Immunotherapeutic approaches have evolved as promising and valid alternatives to available conventional cancer treatments. Amongst others, vaccination with tumor antigen-encoding RNAs by local administration is currently successfully employed in various clinical trials. To allow for a more efficient targeting of antigen-presenting cells (APCs) we have developed a novel RNA immunotherapeutic for systemic application based on a fixed set of four liposome complexed RNA drug products (RNA(LIP)) each encoding one shared melanoma-associated antigen.
Similar to other liposomal drugs, the four injectable RNA(LIP) products constituting the investigational medicinal product will be prepared individually in a straight-forward manner directly prior to use from three components, namely solutions containing RNA drug product, NaCl diluent, and liposome excipient, that are provided as a kit.
The novel lipoplex formulation was engineered (i) to protect RNA from degradation by plasma RNases and (ii) to enable directed in vivo targeting of APCs in lymphoid compartments, thus (iii) allowing for intravenous administration of multiple RNA products advancing from local to systemic targeting of APCs. The improved selective delivery of the RNA(LIP) products into APCs has further been shown to lead to an enhanced induction of vaccine-induced T-cell responses.
Extensive pharmacological characterization of the RNA(LIP) platform revealed that upon cellular uptake the encoded antigens will be translated into proteins that will be rapidly processed into peptide fragments, which after presentation by MHC class I and II molecules on the surface of APCs induce tumor antigen-specific CD8+ and CD4+ T-cell responses that spread systemically. These vaccine-induced T cells have been shown to specifically recognize and kill antigen-positive tumor cells eliciting potent anti-tumoral activity in vivo. The potent vaccination effects are additionally enhanced by further immunomodulatory effects based on the transient release of pro-inflammatory cytokines such as IFN-α, IP-10, and IL-6 due to binding of the administered RNA drug products to Toll-like receptors (TLRs).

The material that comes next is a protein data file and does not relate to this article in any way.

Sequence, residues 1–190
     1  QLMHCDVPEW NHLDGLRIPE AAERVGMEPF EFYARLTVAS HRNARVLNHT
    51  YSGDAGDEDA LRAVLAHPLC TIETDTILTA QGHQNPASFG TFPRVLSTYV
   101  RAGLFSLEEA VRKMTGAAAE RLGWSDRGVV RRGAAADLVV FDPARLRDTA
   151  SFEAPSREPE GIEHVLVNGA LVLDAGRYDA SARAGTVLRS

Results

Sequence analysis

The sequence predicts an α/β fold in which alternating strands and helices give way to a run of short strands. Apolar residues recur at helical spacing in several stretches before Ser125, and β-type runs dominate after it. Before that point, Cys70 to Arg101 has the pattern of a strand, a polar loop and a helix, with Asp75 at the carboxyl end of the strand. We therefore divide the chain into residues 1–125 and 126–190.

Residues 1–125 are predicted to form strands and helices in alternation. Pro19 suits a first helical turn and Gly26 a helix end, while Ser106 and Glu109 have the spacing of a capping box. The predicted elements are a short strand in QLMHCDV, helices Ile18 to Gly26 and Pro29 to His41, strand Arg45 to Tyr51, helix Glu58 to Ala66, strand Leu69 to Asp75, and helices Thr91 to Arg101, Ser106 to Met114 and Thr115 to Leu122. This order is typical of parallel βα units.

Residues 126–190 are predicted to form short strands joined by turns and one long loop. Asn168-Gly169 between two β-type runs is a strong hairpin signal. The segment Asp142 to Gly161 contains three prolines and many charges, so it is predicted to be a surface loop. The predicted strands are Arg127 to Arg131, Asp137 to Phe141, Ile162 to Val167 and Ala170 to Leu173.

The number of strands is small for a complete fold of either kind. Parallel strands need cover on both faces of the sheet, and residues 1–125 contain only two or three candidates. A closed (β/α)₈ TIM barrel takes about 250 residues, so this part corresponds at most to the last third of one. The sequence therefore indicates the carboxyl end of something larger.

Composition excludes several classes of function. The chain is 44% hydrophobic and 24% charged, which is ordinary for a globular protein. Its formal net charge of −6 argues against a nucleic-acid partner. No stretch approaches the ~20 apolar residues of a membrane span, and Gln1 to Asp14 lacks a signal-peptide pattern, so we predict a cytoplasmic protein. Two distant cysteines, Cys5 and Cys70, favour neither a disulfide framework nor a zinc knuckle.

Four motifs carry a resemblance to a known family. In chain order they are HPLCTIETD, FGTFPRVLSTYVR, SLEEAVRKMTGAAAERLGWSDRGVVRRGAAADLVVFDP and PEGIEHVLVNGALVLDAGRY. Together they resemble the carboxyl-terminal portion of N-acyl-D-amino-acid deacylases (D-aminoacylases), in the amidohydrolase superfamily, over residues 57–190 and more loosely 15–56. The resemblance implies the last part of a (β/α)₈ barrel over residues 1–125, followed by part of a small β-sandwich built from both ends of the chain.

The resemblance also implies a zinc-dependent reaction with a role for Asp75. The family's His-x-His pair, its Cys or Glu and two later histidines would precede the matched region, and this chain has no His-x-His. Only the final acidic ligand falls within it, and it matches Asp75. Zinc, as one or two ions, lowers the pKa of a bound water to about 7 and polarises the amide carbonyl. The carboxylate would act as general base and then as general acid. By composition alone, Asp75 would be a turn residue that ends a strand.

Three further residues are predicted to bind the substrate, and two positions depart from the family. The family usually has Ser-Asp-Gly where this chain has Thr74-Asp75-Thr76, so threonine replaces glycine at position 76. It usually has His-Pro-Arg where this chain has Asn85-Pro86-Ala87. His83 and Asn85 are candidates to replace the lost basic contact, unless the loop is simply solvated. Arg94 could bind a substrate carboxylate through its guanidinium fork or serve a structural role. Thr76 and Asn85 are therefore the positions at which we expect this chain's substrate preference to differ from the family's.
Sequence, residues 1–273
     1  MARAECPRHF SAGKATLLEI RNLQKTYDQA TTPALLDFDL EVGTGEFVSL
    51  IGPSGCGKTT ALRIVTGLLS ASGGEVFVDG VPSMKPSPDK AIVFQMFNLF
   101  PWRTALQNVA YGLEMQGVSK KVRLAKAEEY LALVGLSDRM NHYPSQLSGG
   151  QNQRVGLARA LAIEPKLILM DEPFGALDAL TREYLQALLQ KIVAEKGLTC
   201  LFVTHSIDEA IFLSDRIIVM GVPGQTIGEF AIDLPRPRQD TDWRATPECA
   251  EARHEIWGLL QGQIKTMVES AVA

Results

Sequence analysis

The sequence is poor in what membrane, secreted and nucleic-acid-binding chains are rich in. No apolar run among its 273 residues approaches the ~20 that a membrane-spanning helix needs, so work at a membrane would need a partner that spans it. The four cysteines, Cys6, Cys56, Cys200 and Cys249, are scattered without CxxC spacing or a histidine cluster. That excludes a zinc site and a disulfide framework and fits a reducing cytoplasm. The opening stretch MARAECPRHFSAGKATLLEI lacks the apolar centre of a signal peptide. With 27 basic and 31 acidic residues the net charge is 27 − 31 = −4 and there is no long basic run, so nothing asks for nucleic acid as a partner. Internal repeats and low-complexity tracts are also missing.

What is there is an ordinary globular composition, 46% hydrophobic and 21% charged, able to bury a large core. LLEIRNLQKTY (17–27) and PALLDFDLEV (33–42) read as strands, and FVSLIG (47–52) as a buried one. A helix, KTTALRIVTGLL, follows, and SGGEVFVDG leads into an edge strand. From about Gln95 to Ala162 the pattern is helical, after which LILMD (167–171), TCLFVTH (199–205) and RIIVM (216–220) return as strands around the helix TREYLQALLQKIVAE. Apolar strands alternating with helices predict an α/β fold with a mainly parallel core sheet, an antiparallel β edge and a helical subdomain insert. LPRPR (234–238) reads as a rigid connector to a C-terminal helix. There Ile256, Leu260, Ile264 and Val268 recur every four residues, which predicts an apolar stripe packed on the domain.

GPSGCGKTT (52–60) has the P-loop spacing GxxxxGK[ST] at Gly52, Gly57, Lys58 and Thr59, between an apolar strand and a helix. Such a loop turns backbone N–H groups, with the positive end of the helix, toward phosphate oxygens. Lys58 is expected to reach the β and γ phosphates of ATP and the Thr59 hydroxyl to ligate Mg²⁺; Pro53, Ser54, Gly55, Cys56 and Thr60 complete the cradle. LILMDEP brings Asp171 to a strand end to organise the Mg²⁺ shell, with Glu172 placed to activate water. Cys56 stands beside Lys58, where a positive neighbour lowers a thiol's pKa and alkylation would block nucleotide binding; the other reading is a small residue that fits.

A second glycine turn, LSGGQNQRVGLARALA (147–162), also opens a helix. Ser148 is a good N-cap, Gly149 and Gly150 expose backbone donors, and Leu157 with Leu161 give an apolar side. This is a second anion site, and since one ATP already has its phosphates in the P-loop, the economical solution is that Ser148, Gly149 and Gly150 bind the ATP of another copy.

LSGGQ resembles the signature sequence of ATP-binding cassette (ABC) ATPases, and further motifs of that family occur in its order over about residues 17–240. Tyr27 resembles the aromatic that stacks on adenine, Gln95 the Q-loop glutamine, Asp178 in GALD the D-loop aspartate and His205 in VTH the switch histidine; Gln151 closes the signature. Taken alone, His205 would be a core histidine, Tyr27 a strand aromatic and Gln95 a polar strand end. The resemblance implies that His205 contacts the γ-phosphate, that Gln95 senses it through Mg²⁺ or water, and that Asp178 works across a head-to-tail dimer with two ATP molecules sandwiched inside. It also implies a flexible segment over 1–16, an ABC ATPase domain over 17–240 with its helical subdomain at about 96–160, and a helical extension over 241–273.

The clinical translation of this pioneering therapeutic concept is currently being realized in a multi-center, first-in-human phase I trial in patients with malignant melanoma. Main objectives of the clinical trial are to study safety, tolerability, and immunogenicity of this innovative immunotherapy approach.
The novel lipoplex formulation, RNA(LIP) mechanism of action, study design and clinical workflow, as well as recruitment and treatment status of the ongoing clinical trial will be presented.
Citation Format: Robert A. Jabulowsky, Carmen Loquai, Mustafa Diken, Lena M. Kranz, Heinrich Haas, Sebastian Attig, Cedrik M. Britten, Janina Buck, Evelyna Derhovanessian, Jan Diekmann, Isaac Esparza, Daniel Fritz, Yves Huesemann, Veronika Jahndel, Klaus Kuehlcke, Andreas N. Kuhn, Peter Langguth, Ulrich Luxemburger, Martin Meng, Felicitas Mueller, Kerstin C. Reuter, Doreen Schwarck, Kristina Spiess, Meike Witt, Jessica C. Hassel, Jochen Utikal, Roland Kaufmann, Marc Schrott, Sebastian Kreiter, Oezlem Tuereci, Christoph Huber, Ugur Sahin. A novel nanoparticular formulated tetravalent RNA cancer vaccine for treatment of patients with malignant melanoma. [abstract]. In: Proceedings of the CRI-CIMT-EATI-AACR Inaugural International Cancer Immunotherapy Conference: Translating Science into Survival; September 16-19, 2015; New York, NY. Philadelphia (PA): AACR; Cancer Immunol Res 2016;4(1 Suppl):Abstract nr B041.
- ©2016 American Association for Cancer Research.